I remember how awful it felt when I thought things would never get better. But they did. And now I have a richer love for my husband than I did before. I wish we had owned a copy of this book during our rough time. I think we would have had more hope and gotten through it faster if we did.

  • Cristine Mermaid

    To be fair, this is an ARC so it hasn't completely been edited yet so a couple of the issues I have with it may not be relevant by the time it is actually released.

    I started reading this on break and it resonated. I am their demographic. I related to so much of it and it was incredibly reassuring to learn that my feelings/thoughts/experiences are quite typical and normal.

    I highlighted this book like mad because so many thoughts I have that worry me and that I thought were exclusive to me are pe

    To be fair, this is an ARC so it hasn't completely been edited yet so a couple of the issues I have with it may not be relevant by the time it is actually released.

    I started reading this on break and it resonated. I am their demographic. I related to so much of it and it was incredibly reassuring to learn that my feelings/thoughts/experiences are quite typical and normal.

    I highlighted this book like mad because so many thoughts I have that worry me and that I thought were exclusive to me are perfectly normal considering circumstances and that alone made the book worth reading.

    The only reason I didn't give it 5 is because the author made a few comments that seemed to be a bit dismissive of stay at home parents, as though we have it easy somehow. Later she was very much in support of how hard it is and that it's a sacrifice for many but those first comments turned me off.

    Also, there are a few ideas and suggestions but there is no "well this is how you fix it" section so that stopped this from being 5 stores for me.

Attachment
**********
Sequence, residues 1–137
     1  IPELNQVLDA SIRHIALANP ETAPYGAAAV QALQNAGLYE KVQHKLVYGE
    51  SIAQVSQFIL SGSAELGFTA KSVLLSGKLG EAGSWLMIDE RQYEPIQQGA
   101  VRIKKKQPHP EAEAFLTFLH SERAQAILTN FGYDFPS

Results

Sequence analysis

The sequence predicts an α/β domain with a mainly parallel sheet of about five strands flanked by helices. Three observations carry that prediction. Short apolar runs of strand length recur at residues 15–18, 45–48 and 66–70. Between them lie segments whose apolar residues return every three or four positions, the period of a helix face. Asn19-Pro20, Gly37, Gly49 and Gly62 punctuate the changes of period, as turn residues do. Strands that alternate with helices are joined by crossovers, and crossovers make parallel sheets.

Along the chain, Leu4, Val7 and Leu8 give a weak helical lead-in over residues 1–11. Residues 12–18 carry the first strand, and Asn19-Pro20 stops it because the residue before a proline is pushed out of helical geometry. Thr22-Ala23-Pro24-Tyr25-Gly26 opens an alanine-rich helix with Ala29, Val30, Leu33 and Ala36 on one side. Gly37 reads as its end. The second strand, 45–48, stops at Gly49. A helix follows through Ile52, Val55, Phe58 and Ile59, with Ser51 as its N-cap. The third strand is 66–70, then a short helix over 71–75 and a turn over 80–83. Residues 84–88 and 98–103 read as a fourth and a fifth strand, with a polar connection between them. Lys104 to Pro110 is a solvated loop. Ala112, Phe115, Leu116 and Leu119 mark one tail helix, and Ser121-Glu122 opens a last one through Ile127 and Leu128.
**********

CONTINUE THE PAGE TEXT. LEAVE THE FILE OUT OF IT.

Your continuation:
• Susan Underbrink

    A big thank you to NetGalley for the ARC. I am voluntarily reviewing this book. Not sure I got this as I am now separated . Maybe to see how I can avoid making the same mistakes. I found it interesting, but not with many tips. It reconfirmed that what I was feeling wasn't unusual. I may have missed it but I didn't see much on divorce with older children. Overall I found it helpful.

  • Pam Cipkowski

    Full disclosure: I am neither married at the time, nor living together with anyone. Yet I still found this a helpful and informative read with regards to relationships. When cultivating a relationship, it helps to focus on three questions: Who do I want to be as an individual? Who do I want to be as a partner? And how do the two fit together? The book is filled with various scenarios and case studies of dilemmas and “rough patches” often encountered in midlife relationships, including substance

    Full disclosure: I am neither married at the time, nor living together with anyone. Yet I still found this a helpful and informative read with regards to relationships. When cultivating a relationship, it helps to focus on three questions: Who do I want to be as an individual? Who do I want to be as a partner? And how do the two fit together? The book is filled with various scenarios and case studies of dilemmas and “rough patches” often encountered in midlife relationships, including substance abuse, money, infidelity, and the process of aging. It’s all very clinical, and while there’s a lot of it I can’t quite relate to, it’s also very interesting, with little bits and pieces to learn from. It’s hard to know when to keep trying, and when to leave. But it’s imperative to start off by remembering, “We have the right to expect love, and the responsibility to give love.…Don’t let that die. Once it dies, once you close your heart, it’s really, really hard to open it back up.”

  • Marcia Miller

    I felt a bit like a voyeur reading the many descriptions of couples who sought counseling from Dr. de Marneffe to address their marital "rough patches." While she may be a highly experienced and well-regarded therapist, her writing style comes across as dull and repetitive. I found this book to be a tedious read whose insights scarcely made me feel especially enlightened or informed. Maybe it simply wasn't for me.